DOJ Inspector General Says FBI Actively Preventing Him From Doing His Job

from the no-accountability dept

Rogue agency? The FBI seems to fit the description:

The Justice Department's inspector general said Tuesday that his staff is routinely blocked from getting access to documents it needs for audits and reviews of the department and its law enforcement agencies…

In the last few years, the FBI has denied access to records that should be provided under federal law, including grand jury materials, an organizational chart and electronic surveillance information, [Inspector General Michael] Horowitz testified.
Yeah. Not even an organizational chart. The FBI, which can't seem to decide whether it likes law enforcement or counterterrorism better, won't even hand over that info. It's incredibly hard to investigate an agency that stonewalls its superiors with as much fervor as it does FOIA requesters.

As it stands now, the FBI routes the Inspector General through its legal counsel. Then a whole lot of nothing happens until the Attorney General's office gets involved and demands the release of information. This stonewalling goes on for years.
He said the refusal to grant routine requests stalls investigations, including a recent one on FBI material witnesses, such that officials who are under review have sometimes retired or left the agencies before the report is complete.
It's another one-way street of information by a government agency. FOIA requesters and the DOJ's Inspector General get nothing. The FBI gets everything it demands, via subpoenas, FISA court orders and National Security Letters. In addition, the FBI actively interjects itself into state-level FOI requests, ordering local law enforcement agencies to withhold information on cell tower spoofers and other "sensitive" equipment -- even going so far as to help them with parallel construction.

There's nothing defensible here. The Inspector General should be able to see whatever it asks for. Anything deemed sensitive can be redacted from the eventual report. But handling requests for information the way the FBI does insulates it from accountability -- an essential element of its "bargain" with the public. Everything it has -- from its power to its budget -- derives from the people. And in return, the people are getting nothing back, even those at the supposed top of the accountability chain.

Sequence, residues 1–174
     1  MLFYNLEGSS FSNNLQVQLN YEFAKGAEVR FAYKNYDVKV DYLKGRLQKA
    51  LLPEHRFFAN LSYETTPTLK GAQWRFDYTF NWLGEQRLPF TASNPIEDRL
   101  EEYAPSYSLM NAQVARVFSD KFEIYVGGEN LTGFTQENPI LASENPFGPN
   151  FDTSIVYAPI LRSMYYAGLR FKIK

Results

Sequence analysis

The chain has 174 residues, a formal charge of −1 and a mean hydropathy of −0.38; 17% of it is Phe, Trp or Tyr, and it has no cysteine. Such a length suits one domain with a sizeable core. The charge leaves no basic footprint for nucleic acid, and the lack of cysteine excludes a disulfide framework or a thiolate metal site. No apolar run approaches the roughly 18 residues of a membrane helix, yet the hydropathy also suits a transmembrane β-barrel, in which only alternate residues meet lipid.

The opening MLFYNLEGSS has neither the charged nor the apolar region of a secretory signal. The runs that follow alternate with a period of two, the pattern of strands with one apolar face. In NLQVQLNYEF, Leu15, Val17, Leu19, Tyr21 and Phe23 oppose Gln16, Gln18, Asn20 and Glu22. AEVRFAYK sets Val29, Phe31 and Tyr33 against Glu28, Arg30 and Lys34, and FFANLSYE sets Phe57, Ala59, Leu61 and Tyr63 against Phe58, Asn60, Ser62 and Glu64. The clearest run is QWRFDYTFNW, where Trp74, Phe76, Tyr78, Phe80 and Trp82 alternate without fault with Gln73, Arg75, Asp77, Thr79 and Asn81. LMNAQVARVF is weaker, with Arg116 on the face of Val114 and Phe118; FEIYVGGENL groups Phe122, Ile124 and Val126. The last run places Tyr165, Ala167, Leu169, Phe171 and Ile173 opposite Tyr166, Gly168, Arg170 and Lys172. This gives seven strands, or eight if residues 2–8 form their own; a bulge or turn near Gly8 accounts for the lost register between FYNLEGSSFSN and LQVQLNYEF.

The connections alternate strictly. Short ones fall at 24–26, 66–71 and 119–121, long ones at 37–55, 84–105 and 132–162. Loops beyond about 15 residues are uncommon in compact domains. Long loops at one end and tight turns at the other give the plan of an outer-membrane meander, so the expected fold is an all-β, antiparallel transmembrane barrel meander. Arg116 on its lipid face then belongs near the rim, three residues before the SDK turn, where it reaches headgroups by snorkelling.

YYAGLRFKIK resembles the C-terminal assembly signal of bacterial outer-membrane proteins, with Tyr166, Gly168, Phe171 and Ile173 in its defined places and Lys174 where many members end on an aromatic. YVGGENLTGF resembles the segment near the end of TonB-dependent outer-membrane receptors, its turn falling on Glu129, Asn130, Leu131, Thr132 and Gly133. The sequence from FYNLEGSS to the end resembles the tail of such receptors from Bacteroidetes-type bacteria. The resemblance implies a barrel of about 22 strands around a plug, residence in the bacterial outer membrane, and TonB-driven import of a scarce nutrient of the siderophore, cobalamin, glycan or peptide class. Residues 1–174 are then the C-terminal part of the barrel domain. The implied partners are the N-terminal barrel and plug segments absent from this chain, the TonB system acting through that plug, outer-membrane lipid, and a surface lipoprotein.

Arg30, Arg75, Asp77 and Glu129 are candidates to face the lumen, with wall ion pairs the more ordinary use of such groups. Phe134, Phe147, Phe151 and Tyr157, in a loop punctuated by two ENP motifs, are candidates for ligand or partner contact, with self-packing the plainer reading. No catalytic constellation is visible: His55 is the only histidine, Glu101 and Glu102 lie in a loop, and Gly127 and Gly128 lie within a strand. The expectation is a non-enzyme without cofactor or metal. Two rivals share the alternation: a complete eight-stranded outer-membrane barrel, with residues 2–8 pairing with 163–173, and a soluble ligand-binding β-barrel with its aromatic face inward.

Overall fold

The Attorney General needs to rein the agency in, rather than intercede only when asked to by the OIG. There's obviously a problem here but it appears those with the actual power to fix it are simply letting the agency slide. The FBI -- especially in its new counterterrorism capacity -- has too much power to be allowed this much leeway.

Filed Under: doj, fbi, inspector general, investigations


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  1. icon
    GEMont (profile), 17 Sep 2014 @ 12:08pm

    Re: Re: Re: Re: Re: Re: Re: Re:

    I had assumed good faith, which is why I was Not Impressed.

    If you were also referring to the first part of the post, then all you're saying is:

    That (if p then q) just because secretly enacted War Measures Laws would explain why the USG appears to be acting outside the law with impunity, it does not necessarily mean (if q then p) that the USG acting outside the law with impunity necessitates the secret enactment of War Measure laws.

    Translated: "Might be. Might not be."

    Hardly what I would call material for "a potentially productive conversation".

    I did not state that this was written in stone.
    I thought I'd made it quite clear that I offer conjecture based on extrapolation of current facts; not biblical revelations, and that I don't bother including the "may be" and "could be" phrases that apologize for propaganda and misinformation.

    p equals q better than anything else I've seen offered.

    That q does not absolutely prove p is a given, simply due to the secret nature of the entire subject matter.

    I'm not at all sure what you mean by productive conversation, especially when the follow up negates the entire idea out of hand without even a hint as to rationale behind the claim.

    "Yes, but of course this is not one of those times."

    Translated: "Can't happen here. (Tongue in cheek)"

    Perhaps we should simply agree to disagree, as this appears to be your sole basis for response to date.

    I am more than willing to forgo any future discussions of this sort, and, I suspect, you are as well, since, unless you're gathering brownie points from some fan-group, it accomplishes nothing.

    ---

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